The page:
However, many migrants, some even in possession of a residence permit, work informally in the underground economy, which, by definition, does not involve formal job contracts and which does allow for the creation of official job openings that could be filled using the quota system. In this respect, change will probably only come about in the foreseeable future if migration policy not only offers adequate opportunities to access the labour market (the effectiveness of opportunities to date has yet to be evaluated) but if, at the same time, there is a consistent approach to controlling the shadow economy.
One interesting aspect will be how Spain deals with foreign unemployment, which, given the current economic downswing, is visibly on the increase: in the first quarter of 2008 alone numbers went up by 18% compared with the end of 2007. Here, further economic development which, due in part to the crisis in the construction sector, is currently no longer viewed so positively as just a year ago
To further control and limit immigration, the new Minister of Labour and Immigration, Celestino Corbacho Chaves, plans to restrict family reunification by concentrating on the core family and excluding parents and parents-in-law. These restrictions are to be implemented along with an announced reform to the Aliens Act at the end of 2008. With regard to controlling illegal immigration, the Minister intends to further reinforce borders and step up the policy of repatriation. Measures taken during the last two years already appear to have had some effect, although it remains to be seen how effective they will be in the face of a possible new inrush.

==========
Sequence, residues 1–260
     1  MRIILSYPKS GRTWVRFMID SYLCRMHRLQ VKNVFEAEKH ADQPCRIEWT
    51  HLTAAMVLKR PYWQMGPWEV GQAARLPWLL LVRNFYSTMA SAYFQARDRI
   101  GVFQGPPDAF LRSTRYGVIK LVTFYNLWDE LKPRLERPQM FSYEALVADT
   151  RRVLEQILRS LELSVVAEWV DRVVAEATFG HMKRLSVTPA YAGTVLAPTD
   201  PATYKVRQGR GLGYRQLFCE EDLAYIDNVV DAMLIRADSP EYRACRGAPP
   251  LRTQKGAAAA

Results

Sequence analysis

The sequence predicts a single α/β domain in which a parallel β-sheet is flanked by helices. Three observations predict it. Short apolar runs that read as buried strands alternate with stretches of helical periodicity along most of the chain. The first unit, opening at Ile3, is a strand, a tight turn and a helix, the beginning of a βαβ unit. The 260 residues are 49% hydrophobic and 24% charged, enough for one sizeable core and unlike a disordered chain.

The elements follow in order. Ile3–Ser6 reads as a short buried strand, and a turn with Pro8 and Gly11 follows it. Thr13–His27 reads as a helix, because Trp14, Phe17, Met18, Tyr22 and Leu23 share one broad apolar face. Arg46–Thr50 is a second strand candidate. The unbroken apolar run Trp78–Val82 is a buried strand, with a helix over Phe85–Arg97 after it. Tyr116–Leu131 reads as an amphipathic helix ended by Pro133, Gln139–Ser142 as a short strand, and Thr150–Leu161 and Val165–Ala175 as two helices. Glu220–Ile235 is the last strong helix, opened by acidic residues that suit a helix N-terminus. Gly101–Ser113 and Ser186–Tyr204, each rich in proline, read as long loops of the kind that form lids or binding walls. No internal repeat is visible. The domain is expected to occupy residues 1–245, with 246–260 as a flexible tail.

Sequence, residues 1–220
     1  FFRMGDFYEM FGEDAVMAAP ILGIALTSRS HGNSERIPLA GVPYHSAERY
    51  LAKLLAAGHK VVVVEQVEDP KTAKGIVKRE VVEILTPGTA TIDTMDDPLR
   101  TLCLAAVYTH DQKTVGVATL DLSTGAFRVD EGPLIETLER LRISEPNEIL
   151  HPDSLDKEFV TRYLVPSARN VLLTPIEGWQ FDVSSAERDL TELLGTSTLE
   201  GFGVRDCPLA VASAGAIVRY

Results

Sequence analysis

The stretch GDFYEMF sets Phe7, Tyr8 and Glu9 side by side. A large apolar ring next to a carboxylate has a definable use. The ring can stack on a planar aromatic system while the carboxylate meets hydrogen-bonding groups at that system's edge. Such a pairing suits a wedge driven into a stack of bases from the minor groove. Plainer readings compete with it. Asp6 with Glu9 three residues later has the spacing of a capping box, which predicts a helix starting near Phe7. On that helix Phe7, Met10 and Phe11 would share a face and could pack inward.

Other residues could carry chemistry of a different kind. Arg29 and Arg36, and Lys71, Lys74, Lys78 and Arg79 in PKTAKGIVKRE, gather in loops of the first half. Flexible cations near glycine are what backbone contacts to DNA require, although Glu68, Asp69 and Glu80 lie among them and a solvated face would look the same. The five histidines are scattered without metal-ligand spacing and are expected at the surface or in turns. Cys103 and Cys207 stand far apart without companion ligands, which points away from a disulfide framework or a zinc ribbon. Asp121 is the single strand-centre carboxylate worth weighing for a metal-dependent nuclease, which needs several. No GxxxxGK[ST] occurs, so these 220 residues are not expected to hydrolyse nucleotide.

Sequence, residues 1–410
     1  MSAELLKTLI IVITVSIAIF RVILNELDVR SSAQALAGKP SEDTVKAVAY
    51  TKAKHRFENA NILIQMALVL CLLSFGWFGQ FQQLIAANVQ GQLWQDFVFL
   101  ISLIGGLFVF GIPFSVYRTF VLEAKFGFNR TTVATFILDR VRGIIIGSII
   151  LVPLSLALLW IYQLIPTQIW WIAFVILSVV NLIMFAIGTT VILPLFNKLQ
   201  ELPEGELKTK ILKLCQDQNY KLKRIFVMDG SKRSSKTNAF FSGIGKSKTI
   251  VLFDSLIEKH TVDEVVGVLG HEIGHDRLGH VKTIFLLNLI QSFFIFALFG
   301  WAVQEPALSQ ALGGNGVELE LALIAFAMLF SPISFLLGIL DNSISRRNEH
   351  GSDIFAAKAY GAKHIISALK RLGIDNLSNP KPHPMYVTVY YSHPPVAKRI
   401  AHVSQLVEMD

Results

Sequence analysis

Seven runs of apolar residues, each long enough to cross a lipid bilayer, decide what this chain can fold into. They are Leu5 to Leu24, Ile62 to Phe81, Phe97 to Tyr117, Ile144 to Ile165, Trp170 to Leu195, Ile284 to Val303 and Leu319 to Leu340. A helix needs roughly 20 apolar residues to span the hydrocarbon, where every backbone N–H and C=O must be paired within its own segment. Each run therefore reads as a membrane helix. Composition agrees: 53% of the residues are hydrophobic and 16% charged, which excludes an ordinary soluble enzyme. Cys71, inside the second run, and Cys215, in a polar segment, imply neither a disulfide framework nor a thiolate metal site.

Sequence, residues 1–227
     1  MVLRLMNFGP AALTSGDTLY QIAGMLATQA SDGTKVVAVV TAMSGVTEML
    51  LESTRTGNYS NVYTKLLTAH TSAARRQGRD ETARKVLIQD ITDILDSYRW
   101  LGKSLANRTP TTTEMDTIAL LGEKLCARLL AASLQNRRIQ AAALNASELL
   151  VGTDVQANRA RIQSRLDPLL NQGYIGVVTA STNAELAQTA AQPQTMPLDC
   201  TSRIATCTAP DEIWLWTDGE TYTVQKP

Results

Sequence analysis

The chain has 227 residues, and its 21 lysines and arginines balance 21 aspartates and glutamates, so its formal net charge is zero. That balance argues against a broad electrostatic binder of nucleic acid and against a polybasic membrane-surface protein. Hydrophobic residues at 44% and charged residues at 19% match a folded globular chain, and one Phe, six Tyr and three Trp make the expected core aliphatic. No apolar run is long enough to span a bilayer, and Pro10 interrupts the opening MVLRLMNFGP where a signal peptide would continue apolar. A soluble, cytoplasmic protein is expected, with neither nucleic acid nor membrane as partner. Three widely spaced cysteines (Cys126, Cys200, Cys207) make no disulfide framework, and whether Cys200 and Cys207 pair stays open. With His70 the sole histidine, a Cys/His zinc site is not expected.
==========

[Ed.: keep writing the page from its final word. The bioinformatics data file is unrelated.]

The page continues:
Despite economic problems, it is anticipated that there will continue to be large-scale immigration to Spain for the immediate future and that these immigrants will contribute substantially to further population growth. At the same time, in the short and medium term this will also put the brakes on the severe demographic aging process to which Spain is exposed, given that it has one of Europe's lowest birth rates. In the long term, however, this will have less effect due to adjustments in reproductive behaviour.
Given this high level of immigration, the matter of integration is set to acquire great significance. For a long time, nationally-conceived migration policy has had hardly any connection with the intergration policy that has been conducted in the regions for some years. The Strategic Plan for Citizenship and Integration
Over and above the described national plan and the various plans on the level of autonomous communities, however, much will depend on what can be achieved on a local level. After all, it is there that issues such as the demand for jobs, reasonable living space and access to social services are actually dealt with, as well as the day-to-day matter of living with new neighbours.